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NOTE:  Designer Cloud Educational is a free product with limitations on its features. Some features in the documentation do not apply to this product edition. See Product Limitations.



Whether data is missing, mismatched, or simply wrong, you can use a variety of methods in the Designer Cloud® application to replace values in one or more columns with literal values or pattern-based replacements.

Replacement methods

In the Transformer page, you can use the following methods to replace values: 

By selection

Select a value in the data grid to prompt a series of suggestions on what to do with the data. Typically, replacement options are near the top of the suggestions.

Tip: You can replace specific values in a column with a preferred value. For more information, see Replace Cell Values.

By column menuFrom the column menu, select Replace and a sub-menu item to begin configuring a replacement transformation.
By Transformer toolbarAt the top of the data grid, click the Replace icon in the Transformer toolbar to begin configuring replacements.
By Search panelIn the Search panel, enter replace to build a replacement transformation from scratch.

Replace by selection

When you select data in the data grid, the replacement suggestions are pre-specified for you, including a number of variants available in the suggestion card. 


  • Suggestions are typically conservative in the scope of their changes. Case-sensitive searches and matching of the first occurrence only are the default settings.
  • Order of listing of suggestions in a suggestion card:
    • Pattern-based replacements are listed first. These replacements use  Patterns , instead of regular expressions. Regular expressions can be more difficult to control.
    • Literal value replacements are listed below the pattern-based ones.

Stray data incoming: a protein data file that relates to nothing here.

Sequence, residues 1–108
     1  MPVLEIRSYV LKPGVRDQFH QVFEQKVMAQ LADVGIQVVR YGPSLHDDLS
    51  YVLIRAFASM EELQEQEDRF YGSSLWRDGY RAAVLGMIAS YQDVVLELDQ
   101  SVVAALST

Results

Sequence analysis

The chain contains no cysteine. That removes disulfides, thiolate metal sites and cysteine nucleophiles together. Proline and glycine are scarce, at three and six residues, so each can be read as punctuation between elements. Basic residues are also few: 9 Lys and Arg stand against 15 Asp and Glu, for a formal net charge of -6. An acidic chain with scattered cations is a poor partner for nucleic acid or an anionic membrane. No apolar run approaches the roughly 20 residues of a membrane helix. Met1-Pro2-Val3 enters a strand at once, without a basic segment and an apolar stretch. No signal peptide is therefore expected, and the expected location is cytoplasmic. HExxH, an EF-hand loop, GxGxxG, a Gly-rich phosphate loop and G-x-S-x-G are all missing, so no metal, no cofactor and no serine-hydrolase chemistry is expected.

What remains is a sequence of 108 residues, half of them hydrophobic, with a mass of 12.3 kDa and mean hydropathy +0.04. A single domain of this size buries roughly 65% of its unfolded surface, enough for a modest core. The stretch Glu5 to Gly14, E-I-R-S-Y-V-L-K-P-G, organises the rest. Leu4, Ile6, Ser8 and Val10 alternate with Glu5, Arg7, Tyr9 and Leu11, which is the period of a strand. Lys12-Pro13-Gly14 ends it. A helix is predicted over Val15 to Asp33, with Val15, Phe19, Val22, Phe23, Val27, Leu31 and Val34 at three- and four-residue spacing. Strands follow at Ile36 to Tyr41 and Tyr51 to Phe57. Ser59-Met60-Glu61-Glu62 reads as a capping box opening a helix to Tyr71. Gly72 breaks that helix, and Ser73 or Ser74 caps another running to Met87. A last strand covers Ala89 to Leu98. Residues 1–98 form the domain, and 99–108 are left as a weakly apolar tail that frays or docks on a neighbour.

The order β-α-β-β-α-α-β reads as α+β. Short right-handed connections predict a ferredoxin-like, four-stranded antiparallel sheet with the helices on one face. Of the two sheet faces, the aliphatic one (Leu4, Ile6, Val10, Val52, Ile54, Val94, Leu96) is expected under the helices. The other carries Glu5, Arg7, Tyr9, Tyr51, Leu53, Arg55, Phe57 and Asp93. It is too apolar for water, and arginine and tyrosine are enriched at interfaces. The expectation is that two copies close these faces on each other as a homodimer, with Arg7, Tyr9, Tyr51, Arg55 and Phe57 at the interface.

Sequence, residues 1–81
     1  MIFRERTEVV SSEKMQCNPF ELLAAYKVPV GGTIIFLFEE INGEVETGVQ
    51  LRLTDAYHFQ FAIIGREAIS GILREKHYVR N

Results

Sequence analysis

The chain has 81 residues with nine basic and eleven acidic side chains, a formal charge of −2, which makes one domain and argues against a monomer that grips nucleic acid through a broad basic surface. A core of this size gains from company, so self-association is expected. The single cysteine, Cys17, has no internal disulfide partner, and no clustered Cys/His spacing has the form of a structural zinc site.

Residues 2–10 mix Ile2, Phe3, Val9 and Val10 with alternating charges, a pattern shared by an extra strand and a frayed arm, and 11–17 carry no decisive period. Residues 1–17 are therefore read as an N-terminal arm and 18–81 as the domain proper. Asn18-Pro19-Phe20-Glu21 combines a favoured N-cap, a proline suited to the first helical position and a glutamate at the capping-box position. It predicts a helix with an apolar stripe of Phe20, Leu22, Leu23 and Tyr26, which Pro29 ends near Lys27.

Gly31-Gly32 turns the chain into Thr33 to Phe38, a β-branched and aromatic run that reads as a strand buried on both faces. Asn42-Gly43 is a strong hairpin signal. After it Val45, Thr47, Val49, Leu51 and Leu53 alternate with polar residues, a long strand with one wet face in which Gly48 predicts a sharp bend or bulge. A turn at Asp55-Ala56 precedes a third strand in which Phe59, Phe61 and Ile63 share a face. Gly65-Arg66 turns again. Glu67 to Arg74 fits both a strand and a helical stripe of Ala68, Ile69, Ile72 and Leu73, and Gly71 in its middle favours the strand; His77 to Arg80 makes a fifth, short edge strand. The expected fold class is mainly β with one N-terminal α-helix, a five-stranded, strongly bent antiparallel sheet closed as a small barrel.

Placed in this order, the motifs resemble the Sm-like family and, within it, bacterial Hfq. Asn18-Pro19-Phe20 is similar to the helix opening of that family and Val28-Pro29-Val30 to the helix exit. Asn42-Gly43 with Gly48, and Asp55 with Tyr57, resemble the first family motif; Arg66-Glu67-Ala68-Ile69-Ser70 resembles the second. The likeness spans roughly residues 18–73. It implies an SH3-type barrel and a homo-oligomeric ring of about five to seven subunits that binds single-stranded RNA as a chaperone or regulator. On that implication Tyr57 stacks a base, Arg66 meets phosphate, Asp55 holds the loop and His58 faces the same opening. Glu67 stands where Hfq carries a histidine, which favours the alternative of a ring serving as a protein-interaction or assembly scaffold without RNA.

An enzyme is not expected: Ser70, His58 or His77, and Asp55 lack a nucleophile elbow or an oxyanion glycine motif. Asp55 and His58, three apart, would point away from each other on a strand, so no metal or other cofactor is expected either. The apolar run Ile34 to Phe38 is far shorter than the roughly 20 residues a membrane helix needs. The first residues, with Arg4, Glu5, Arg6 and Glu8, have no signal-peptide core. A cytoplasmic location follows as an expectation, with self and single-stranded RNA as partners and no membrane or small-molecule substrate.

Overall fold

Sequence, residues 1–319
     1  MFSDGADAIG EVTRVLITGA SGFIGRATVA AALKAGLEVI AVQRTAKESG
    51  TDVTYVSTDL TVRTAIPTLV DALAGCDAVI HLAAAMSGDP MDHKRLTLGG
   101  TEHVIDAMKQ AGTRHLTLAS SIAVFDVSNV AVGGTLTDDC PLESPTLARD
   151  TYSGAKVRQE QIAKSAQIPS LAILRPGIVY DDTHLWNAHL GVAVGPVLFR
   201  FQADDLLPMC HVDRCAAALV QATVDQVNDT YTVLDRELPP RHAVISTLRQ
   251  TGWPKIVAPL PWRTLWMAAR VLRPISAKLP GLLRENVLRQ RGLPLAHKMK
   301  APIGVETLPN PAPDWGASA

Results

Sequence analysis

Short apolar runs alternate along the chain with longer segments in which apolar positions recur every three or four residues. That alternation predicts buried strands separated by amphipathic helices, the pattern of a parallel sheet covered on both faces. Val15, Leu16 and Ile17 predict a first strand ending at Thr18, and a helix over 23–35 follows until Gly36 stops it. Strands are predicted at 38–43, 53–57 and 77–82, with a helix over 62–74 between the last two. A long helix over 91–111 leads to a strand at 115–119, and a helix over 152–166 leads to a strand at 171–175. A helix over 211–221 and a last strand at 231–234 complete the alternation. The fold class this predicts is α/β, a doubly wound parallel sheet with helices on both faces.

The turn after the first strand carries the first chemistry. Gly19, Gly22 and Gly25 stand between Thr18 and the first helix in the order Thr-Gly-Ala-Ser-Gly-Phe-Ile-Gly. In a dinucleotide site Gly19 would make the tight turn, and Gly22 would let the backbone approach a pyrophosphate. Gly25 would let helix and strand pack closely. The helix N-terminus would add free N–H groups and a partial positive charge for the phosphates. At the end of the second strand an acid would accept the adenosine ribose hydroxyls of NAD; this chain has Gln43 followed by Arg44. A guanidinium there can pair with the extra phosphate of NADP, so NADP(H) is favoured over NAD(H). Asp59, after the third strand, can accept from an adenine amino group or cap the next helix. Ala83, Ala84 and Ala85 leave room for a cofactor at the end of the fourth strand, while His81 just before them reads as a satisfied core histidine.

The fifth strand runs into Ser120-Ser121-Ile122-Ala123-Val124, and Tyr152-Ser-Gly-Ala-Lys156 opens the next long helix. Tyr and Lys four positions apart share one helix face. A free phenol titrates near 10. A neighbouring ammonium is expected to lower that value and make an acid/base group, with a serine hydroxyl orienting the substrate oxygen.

For more information, see Overview of Predictive Transformation.

Mask data

For privacy reasons or for sensitivity reasons, you may wish to mask sensitive data in one or more columns with fixed strings.

Delete whole column(s)

If you need to remove the data in an entire column, the easiest method is to delete a column. Select one or more columns and then select Delete from the column drop-down. See Remove Data.

Masking all values

You can use a transformation like the following to replace all values in a column with a simple string. In this case, the value #REDACTED# has been inserted in place of all values in the column. 

NOTE: This replacement changes the data type of the column to String. If you must retain the original data type, the replacement value should be valid for the data type.

Transformation Name Edit column with formula
Parameter: Columns transactionValue
Parameter: Formula '#REDACTED#'

Partial masking of values

Suppose you wish to partially mask data in a column. In the following example, data for the AcctNum column is masked, except for the last four characters (digits):

Transformation Name Edit column with formula
Parameter: Columns AcctNum
Parameter: Formula value: merge(['XXXX',right(AcctNum, 4)], '')

Mask multiple columns based on data type

You can use the following type of transformation to hide data based on data type. In this example, the values in all columns with Social Security Number (SSN) are replaced with a masking value: XXX-XX-XXXX:

This method performs a simple text replacement of the data in the columns(s). After this transformation has been applied to the data, the source data is no longer available, unless you step back to a step before this one. For these kinds of operations, you may find it more secure to apply these kinds of masking operations to the source data in a single recipe and then make that output available to other users to use as an imported dataset.

Transformation Name Edit column with formula
Parameter: Columns All
Parameter: Formula if(isvalid($col, ['SSN']), 'XXX-XX-XXXX', $col)